In the final week of October, DxO Labs released its newest version of Photolab. The app has been improved overall but the main features worth a closer look are ClearView Plus, advanced colour management, spot weighted corrections, U-Point functionality and PhotoLibrary.
I started my tour with the latter and was hoping to see support for IPTC metadata. Unfortunately, and to me incomprehensible, the library still doesn’t support IPTC metadata. I’m going to make a bold statement here: the lack of it makes DxO Photolab unsuitable for any sort of professional use. Mind you, I’m not talking about the extensive support you get in an app like Photo Mechanic 5, which lets you add IPTC metadata as you ingest, but at least a basic editor should be available. Or is Photolab meant to be a satellite app for Adobe Lightroom? Judging from its powerful image editing features, I guess not.
The new library does have a number of ready-made view filters and you can apply a preset to a thumbnail immediately in the browser. Two view filters are puzzling. They’re based on “…images to be processed with (…) noise reduction”. If this filter is supposed to figure out for itself whether an image needs noise reduction at all, it’s not working: in my tests, all of them would have needed it.
The DxO ClearView of previous versions now has a “Plus” added to its name. Luckily, it’s not a clever marketing trick. The new ClearView removes haze from photos by adjusting both general and micro-contrast, and even with the slider set at 100%, there were no halo effects or high-contrast transitions. Just make sure your lens and sensor are clean, though: any dust speckle or other dirt stands out like it’s been magnified.
In addition to ICC profiles, PhotoLab 2 also supports DCP profiles, ensuring smooth workflows with Adobe apps. Interesting to all those people who still insist on making Adobe richer; not for those of us who like the products of Adobe’s competitors – yes, I am one of those people who consider Affinity Designer and Affinity Photo true competitors and their licensing scheme is not subscription-based.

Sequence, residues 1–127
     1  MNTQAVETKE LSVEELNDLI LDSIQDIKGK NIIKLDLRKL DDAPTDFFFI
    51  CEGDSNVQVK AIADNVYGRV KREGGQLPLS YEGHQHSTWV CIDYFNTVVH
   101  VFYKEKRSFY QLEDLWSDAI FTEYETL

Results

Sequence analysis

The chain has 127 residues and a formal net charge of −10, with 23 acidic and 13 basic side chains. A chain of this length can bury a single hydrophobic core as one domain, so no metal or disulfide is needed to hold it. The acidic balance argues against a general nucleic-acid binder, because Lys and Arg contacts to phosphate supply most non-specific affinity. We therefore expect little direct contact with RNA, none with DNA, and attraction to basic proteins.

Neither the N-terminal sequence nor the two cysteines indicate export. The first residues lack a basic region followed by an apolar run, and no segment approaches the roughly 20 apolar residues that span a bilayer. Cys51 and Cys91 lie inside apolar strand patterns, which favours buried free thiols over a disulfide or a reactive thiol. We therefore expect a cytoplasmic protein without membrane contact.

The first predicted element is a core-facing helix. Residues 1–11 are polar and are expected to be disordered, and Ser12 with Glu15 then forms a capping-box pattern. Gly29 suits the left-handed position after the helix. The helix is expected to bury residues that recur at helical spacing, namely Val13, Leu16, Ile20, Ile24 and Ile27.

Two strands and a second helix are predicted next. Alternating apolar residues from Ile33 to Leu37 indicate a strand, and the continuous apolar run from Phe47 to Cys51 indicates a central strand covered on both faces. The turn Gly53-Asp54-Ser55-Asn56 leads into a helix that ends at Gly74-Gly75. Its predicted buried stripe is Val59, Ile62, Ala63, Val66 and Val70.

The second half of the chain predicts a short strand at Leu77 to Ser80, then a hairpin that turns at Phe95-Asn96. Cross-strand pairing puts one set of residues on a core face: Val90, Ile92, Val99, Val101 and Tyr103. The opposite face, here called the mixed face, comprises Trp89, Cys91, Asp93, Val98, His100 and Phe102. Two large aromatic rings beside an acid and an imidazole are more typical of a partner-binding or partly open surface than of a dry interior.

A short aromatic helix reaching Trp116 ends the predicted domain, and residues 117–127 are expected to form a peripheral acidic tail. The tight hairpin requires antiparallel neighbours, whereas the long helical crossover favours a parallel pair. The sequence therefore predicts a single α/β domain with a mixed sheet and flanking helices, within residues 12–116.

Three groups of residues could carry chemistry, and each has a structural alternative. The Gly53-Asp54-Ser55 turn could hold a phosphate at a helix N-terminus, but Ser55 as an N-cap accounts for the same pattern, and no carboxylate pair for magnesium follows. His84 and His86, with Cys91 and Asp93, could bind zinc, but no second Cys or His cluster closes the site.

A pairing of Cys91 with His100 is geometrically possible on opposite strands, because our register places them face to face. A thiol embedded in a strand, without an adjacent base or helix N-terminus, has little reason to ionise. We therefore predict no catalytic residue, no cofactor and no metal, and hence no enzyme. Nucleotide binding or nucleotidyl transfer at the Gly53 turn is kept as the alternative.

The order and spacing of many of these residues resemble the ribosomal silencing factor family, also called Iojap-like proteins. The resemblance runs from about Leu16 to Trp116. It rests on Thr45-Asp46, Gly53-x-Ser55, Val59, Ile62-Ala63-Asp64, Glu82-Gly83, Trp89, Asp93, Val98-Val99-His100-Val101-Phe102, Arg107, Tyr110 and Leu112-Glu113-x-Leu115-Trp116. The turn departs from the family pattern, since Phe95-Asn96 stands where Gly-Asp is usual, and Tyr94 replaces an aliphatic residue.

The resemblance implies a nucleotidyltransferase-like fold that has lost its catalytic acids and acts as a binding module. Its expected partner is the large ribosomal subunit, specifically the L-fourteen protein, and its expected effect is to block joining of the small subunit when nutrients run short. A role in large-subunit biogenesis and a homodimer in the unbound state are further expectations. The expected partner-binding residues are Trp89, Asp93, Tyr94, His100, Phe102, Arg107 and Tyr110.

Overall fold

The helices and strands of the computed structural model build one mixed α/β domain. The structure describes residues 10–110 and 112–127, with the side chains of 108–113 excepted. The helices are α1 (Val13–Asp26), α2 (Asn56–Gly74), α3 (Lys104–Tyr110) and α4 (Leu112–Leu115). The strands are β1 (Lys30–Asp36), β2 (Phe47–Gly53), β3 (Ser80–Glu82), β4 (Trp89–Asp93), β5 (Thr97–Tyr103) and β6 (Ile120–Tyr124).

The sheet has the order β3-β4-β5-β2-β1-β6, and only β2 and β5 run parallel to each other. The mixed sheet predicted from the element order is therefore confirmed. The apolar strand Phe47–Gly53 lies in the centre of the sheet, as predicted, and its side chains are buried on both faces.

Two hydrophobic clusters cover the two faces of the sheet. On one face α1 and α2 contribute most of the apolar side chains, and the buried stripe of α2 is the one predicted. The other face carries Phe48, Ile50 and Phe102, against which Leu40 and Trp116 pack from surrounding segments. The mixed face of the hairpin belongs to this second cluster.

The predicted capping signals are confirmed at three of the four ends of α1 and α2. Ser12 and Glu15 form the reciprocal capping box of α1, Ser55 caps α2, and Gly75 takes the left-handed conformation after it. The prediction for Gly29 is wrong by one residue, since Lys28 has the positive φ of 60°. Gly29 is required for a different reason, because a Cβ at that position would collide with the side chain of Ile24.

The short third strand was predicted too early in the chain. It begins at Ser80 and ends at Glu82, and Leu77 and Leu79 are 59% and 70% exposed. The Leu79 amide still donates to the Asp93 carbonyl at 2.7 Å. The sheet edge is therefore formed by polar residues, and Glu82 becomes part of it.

In Photolab 1 the U Point selection tools looked like bolted on. The new version doesn’t look like that at all anymore. It is fully integrated with a multi-setting equalizer interface, incredibly smoothly designed and even better than what I remember from back in the Nik Software days. Photolab 2’s U Point makes DxO’s product stand out and rise above competing products like Phase One’s Capture One in my opinion.
Smart Lighting lets you tamper with the balance between light and dark, but now you can also use a Spot Weighted lighting adjustment that puts an emphasis on a selected spot. I tried this with an off-centre focus point and it works great because it seems to adjust lighting fall-off in the rest of your image non-linearly. The results are very pleasing to the eye. It also opens up creative possibilities, with the most obvious that you can now literally and quite naturally shine a spotlight on a focal point in an image.
Last but not least, a new Selective Tone tool lets you independently adjust brightness ranging from darkest to brightest.
Except for that one glaring lack of support for IPTC, DxO Photolab 2 is probably the most powerful image editor on the market. That’s due in large part to the DxO Labs database of technical data the lab collects on most available and discontinued equipment, but increasingly also on features like the U Point tools, Smart Lighting and Selective Tone.
There’s an introduction price available on the DxO site.